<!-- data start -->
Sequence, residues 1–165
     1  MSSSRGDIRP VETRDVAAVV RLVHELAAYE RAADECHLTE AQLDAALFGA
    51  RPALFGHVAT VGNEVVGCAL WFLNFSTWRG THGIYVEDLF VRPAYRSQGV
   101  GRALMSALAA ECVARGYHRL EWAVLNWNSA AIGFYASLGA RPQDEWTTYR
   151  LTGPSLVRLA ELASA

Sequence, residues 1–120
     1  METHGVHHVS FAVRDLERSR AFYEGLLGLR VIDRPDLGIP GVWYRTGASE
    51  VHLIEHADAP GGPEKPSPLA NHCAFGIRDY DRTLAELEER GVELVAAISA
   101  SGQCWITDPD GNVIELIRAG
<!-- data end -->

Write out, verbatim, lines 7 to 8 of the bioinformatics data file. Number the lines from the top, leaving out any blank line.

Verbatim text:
     1  METHGVHHVS FAVRDLERSR AFYEGLLGLR VIDRPDLGIP GVWYRTGASE
    51  VHLIEHADAP GGPEKPSPLA NHCAFGIRDY DRTLAELEER GVELVAAISA